When the common Nordic church organisation finally split into various state churches in the 16th century, these coats of arms lost contact with their origin and were dispersed further along separate lines.

In Norway, the red and yellow cross coat of arms exists as a sun cross in the coat of arms of St. Olav, and it is this coat of arms that National Samling (NS) used during the 1930's and 40's. In the University of Oslo's collection of antiquities there is a painting from an unknown church, 1320-1340, in Trondheim, which shows the death of Olav II Haraldsson in the battle of Stikkelstad in 1030. His coat of arms is a red shield with a golden cross.

In Finland, the red and yellow flag is used primarily by Finnish-Swedes and it can perhaps be traced back to the coat of arms of the Diocese of Åbo, which in turn may be derived from the Archdiocese of Uppsala, as previously mentioned. Before the acceptance of the Finnish blue and white flag as a national flag in 1917, the red and yellow cross flag was a strong pretender. This was because the national coat of arms is a yellow lion on a red background, and it would have been natural to have a red and yellow national flag (Klinge, 1988).

The Coat of Arms in Scania

In Scania, the red and yellow cross coat of arms appears in the coat of arms of Sölveborg (Fig. 7) from 1535: A red cross surrounded by four s-shaped figures on a silver field. In the modern coat of arms, these figures have become eels. Another interesting city coat of arms, from the point of view of flags, is that of Trelleborg from 1421 and 1556 (Fig. 8). The field is blue and the castle and waves are silver, the moon and stars are gold and the flags are Dannebrog flags - red with a silver cross.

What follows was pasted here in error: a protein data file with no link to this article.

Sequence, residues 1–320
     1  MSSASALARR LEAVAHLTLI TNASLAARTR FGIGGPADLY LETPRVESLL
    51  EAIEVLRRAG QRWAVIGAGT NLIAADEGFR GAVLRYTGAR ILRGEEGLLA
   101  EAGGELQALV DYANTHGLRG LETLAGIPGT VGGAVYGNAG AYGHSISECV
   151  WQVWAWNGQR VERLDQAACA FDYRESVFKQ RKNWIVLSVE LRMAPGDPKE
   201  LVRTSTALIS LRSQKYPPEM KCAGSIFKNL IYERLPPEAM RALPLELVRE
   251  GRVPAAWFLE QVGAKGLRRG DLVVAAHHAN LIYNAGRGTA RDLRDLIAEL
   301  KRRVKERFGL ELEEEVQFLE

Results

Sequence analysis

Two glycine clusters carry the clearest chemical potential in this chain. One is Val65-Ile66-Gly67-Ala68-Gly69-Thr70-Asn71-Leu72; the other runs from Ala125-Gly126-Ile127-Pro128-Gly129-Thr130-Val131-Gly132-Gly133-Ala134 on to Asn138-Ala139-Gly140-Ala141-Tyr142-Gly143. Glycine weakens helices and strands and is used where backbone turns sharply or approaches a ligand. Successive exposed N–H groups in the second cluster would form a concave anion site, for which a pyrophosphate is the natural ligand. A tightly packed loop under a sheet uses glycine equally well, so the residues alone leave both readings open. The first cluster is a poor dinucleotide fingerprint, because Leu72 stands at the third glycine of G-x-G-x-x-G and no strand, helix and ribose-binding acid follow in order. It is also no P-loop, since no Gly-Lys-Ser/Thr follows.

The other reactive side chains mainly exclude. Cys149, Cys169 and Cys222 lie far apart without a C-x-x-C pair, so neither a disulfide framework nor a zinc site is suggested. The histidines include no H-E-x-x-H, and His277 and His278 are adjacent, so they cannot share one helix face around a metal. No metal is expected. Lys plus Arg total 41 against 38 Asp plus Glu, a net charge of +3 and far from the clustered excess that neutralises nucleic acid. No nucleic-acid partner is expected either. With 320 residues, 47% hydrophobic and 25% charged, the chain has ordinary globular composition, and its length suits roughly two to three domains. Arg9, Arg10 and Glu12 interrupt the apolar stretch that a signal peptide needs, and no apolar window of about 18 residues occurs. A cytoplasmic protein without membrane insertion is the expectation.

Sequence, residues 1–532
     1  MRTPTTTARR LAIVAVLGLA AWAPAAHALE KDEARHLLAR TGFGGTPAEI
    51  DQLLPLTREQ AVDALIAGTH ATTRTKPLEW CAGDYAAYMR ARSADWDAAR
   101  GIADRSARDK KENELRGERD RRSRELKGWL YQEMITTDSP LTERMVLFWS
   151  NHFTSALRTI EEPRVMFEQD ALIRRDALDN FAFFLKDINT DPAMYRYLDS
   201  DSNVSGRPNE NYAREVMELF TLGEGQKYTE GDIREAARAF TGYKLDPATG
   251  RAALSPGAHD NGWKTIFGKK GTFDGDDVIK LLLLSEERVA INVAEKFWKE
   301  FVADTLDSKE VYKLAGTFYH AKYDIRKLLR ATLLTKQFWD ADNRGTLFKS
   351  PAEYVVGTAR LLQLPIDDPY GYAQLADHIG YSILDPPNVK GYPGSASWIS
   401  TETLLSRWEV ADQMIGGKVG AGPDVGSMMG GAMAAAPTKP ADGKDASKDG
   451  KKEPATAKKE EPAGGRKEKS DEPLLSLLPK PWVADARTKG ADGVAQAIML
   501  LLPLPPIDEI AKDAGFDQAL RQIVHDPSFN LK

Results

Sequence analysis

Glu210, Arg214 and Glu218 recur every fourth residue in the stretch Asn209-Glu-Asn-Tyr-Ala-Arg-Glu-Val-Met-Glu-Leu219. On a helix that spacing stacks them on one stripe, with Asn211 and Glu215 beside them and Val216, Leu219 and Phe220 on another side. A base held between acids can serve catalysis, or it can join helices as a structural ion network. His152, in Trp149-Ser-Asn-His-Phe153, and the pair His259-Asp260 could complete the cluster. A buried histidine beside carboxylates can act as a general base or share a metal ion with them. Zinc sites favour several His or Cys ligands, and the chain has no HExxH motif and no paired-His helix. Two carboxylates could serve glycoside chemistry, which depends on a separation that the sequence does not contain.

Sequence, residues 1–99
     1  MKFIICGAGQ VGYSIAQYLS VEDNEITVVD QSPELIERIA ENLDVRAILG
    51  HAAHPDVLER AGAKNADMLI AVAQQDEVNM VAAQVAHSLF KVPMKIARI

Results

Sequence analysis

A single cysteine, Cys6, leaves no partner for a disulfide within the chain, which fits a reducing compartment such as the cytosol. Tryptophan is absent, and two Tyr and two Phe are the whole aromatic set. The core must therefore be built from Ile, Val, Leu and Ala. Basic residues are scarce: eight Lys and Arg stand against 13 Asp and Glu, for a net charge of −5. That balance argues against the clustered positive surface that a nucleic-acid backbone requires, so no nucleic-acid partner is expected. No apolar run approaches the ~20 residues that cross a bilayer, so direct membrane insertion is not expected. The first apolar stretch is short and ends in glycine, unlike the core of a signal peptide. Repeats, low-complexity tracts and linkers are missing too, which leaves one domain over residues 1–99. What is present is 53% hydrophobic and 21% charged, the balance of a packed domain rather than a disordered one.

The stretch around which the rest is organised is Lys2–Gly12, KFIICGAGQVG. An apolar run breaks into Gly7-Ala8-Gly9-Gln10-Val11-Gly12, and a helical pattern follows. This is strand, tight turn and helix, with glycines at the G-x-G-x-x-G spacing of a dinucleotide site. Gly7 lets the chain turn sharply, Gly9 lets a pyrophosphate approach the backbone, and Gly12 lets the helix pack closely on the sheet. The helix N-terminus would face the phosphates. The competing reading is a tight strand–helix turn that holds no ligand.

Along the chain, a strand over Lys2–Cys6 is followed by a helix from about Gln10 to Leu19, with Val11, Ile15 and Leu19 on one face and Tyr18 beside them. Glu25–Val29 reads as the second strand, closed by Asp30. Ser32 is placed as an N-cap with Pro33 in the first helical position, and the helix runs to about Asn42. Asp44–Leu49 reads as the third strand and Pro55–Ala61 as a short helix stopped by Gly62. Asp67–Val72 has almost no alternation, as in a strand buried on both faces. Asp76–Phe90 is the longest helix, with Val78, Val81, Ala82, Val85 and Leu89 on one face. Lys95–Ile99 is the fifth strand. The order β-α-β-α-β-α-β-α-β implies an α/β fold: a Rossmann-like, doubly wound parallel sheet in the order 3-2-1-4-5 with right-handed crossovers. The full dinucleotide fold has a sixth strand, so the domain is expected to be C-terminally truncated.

It has also been suggested by Hans Sivörn, Växsjö, in a letter to the editor of Arbetet in 1967, that the red and yellow cross coat of arms used to be that of Värend. It may have been carried by Nils Dacke in his fight against the Swedish Centralist State.

These facts point to the possibility that the red and yellow cross coat of arms very well may have been the coat of arms of the Nordic and Scanian Archbishops of Lund. It was later given to the Diocese of Nidaros in Trondheim and the Diocese of Uppsala, as well as being the basis for the coat of arms of the Nordic Union as a worldly power.

Flag Symbolism in Scandinavia

In this section, two legends have been referred to: The legend of the Dannebrog and the legend of Erik. In this context, it must be emphasised that a legend is a literary method or source of knowledge, not a historically descriptive one. It is more like a sermon, based on ideals that are admired in the subject of the legend. As points of reference, legends are not very historically and biographically believable, much the same as with biblical stories.

In the legends mentioned, flag signs in the sky occurred, and this should be interpreted as an idiomatic expression, a metaphor, modelled on biblical apocalyptic literature and the interpretation of this literature by medieval painters and artists. The expression is used todescribe victory and whose victory we are dealing with. In other words, it is imagery for an existential question.

This symbolism is found as victory flags in Christianity, the victory of Christ over death, e.g. in the pulpit of Stora Köpinge church and the altarpiece of the church in Perstorp. Also the coat of arms of Gotland and the Diocese of Visby are included in this symbolism (Fig. 5), Agnus Dei, God's lamb, with the flag as a sign of victory. God's lamb is Christ, who is sacrificed but who is victorious with flag raised high at the resurrection and the Ascension. (Fig. 9)

End of part one.